Euthanasia is usually defined as mercy killing, although assisted suicide often falls under the same laws. Mercy killing has a negative connotation; the major difference is whether the euthanized person still has the mental faculties to approve the death and either participate or sign off on it. It is usually divided into Voluntary (consent of patient), Non-Voluntary (patient cannot consent), and Involuntary (patient refuses consent).
In the United States, euthanasia is classified as Criminal Homicide and is punishable by the same standards as any other homicide, although cases can be individually argued in court and may receive lesser charges under extenuating circumstances. Euthanasia -- as mercy killing -- is illegal in all 50 states, while Physician Assisted Suicide/Dying (PAD) is legal in Washington, Montana, and Oregon.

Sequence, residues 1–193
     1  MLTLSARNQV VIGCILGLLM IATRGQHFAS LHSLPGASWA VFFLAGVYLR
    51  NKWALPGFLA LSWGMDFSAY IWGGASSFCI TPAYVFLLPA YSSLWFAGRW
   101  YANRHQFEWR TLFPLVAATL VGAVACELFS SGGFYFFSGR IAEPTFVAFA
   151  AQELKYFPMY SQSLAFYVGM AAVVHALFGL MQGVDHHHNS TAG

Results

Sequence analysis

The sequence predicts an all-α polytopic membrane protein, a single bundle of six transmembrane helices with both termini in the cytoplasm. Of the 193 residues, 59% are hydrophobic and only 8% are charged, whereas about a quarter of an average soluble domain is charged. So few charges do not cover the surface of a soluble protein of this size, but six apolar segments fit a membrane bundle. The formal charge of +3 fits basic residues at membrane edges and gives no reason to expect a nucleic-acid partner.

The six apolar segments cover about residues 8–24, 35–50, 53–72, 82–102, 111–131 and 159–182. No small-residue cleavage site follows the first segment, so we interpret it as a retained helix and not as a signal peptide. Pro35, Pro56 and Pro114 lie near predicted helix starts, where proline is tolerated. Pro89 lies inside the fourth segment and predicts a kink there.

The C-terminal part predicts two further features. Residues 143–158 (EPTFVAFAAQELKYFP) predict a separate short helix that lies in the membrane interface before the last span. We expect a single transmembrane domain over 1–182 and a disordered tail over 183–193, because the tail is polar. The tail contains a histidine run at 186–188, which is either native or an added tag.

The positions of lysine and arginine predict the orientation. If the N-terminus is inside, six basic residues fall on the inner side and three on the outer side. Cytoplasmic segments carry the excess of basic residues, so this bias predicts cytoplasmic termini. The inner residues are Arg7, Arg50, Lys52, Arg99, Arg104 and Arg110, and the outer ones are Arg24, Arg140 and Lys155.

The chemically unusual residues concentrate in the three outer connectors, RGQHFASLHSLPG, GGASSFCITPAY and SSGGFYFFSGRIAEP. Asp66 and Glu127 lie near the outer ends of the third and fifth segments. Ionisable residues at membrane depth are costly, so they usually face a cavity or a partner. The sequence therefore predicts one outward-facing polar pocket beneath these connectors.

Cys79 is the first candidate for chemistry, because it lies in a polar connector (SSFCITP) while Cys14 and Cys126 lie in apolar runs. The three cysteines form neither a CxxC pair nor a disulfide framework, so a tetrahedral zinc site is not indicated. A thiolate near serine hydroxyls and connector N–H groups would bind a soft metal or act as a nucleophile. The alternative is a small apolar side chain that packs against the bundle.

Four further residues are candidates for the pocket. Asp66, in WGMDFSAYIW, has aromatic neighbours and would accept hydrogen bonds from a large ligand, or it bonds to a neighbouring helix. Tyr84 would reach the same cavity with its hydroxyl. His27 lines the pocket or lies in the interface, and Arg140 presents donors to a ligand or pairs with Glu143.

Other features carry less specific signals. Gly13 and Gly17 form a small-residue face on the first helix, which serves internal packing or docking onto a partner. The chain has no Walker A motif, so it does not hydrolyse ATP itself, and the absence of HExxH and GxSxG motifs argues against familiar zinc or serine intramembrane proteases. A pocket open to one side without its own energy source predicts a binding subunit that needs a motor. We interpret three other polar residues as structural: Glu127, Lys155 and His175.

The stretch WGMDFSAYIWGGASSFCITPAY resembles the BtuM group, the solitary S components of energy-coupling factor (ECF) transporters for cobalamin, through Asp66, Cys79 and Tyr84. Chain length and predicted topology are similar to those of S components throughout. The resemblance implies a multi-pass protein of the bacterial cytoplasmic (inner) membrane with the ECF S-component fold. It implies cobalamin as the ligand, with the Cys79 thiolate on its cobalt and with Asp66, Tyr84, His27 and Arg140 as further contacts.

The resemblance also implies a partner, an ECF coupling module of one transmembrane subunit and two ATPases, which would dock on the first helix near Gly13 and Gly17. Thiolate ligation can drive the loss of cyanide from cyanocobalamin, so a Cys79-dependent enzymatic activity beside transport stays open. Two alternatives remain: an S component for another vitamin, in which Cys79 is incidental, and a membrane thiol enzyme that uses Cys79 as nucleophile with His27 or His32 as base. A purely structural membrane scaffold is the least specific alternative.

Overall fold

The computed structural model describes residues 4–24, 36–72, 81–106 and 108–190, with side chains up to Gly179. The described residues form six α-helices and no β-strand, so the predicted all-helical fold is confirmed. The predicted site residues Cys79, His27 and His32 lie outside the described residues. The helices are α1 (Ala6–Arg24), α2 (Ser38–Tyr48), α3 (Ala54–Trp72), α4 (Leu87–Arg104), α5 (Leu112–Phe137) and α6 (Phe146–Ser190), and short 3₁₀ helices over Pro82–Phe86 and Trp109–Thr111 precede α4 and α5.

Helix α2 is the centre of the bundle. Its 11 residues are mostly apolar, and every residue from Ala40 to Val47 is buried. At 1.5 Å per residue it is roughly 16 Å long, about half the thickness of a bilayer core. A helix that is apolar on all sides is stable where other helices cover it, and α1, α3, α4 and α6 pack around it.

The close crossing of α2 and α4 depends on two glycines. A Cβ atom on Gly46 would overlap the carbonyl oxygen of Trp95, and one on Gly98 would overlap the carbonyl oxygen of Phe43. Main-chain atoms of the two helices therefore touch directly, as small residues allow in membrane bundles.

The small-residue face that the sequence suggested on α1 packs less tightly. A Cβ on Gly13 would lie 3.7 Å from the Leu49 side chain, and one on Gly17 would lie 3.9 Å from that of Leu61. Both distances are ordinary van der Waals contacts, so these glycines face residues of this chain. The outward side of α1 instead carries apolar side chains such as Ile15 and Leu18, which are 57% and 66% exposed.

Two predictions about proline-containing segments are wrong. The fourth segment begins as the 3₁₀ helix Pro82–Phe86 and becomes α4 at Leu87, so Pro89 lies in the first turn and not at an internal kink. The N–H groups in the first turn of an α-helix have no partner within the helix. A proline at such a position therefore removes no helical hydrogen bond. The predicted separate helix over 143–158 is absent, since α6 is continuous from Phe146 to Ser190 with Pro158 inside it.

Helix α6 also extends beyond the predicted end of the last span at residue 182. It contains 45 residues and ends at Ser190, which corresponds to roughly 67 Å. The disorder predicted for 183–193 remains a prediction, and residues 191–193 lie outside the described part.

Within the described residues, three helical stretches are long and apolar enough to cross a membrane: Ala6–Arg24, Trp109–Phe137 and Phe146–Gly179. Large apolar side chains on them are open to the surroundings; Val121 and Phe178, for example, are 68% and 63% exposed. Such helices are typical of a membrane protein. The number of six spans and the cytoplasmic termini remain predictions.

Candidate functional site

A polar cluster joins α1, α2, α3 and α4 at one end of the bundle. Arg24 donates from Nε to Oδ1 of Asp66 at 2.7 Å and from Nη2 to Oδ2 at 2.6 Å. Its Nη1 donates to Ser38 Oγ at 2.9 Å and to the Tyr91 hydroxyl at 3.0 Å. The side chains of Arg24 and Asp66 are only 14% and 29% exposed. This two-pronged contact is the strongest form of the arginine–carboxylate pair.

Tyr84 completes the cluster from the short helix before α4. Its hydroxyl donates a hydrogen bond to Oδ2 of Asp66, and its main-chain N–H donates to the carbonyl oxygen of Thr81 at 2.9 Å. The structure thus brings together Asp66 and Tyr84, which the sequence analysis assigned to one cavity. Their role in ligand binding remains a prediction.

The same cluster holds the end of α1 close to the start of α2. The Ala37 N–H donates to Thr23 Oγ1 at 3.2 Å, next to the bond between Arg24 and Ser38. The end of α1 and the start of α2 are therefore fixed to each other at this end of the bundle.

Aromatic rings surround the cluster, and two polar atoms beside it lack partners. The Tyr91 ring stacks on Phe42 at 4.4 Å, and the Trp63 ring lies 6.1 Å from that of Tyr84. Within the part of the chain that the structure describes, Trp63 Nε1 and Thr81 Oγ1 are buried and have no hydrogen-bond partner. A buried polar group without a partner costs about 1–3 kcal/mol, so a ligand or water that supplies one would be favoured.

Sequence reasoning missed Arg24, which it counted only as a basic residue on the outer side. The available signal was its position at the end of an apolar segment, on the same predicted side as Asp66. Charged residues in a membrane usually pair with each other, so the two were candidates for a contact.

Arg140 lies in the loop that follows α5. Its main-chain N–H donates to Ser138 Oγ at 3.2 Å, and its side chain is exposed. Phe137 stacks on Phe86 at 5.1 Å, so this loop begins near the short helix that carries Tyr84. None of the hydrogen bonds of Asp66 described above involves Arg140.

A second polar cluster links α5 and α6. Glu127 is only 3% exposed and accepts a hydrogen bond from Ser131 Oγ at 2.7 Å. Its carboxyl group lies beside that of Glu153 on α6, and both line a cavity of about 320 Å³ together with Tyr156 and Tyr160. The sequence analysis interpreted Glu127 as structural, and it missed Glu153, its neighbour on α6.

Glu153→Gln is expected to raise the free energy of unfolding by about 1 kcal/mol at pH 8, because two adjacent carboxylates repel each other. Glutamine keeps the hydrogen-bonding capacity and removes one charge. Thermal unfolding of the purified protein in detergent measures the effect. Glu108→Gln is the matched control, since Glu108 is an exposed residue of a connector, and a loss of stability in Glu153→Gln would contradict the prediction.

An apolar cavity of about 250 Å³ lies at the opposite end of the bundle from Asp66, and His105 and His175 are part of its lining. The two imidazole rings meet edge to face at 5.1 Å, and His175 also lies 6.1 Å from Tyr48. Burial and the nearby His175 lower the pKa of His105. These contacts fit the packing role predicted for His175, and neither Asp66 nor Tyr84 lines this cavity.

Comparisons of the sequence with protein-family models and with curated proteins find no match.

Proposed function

Euthanasia in itself does not compromise an individual's freedom of choice, since the act is illegal unless it is passive. Freedom of choice only extends to illegal acts when we understand the consequences; most people say that they would not commit an illegal act unless they could get away with it, and therefore the freedom is to not act. However, PAD does directly involve the patient's choice, and so the illegality of PAD means that a patient who wants to end his own suffering is denied that as a choice.
PAD has gained increasing support around the world as methods of dying become more painless, and proponents argue that the choice to die is preferable than the non-choice to continue living in suffering. Legislation is in constant debate about the moral and ethical stances behind both euthanasia and PAD, and the legalization of PAD in three states means that Euthanasia may soon be reexamined as a viable choice.